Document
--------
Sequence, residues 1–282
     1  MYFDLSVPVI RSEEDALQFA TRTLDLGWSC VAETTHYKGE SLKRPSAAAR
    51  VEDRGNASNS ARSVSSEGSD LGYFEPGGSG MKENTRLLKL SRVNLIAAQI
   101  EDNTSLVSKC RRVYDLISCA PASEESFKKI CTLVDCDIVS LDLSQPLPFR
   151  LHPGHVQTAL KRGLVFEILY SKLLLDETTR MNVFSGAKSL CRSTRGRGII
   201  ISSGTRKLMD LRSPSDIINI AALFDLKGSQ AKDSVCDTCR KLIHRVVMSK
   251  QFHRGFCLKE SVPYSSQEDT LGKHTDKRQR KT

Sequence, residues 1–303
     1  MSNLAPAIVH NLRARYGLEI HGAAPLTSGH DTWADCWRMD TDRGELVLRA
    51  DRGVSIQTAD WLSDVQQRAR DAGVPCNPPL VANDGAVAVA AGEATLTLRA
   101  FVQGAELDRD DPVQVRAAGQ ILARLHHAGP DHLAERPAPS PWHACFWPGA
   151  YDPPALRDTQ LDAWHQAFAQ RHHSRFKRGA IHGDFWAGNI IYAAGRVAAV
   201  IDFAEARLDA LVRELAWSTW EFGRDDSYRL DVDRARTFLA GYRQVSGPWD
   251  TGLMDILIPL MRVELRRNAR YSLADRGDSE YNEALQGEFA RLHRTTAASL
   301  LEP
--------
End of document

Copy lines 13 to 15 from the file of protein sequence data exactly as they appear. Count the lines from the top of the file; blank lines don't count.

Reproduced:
   201  IDFAEARLDA LVRELAWSTW EFGRDDSYRL DVDRARTFLA GYRQVSGPWD
   251  TGLMDILIPL MRVELRRNAR YSLADRGDSE YNEALQGEFA RLHRTTAASL
   301  LEP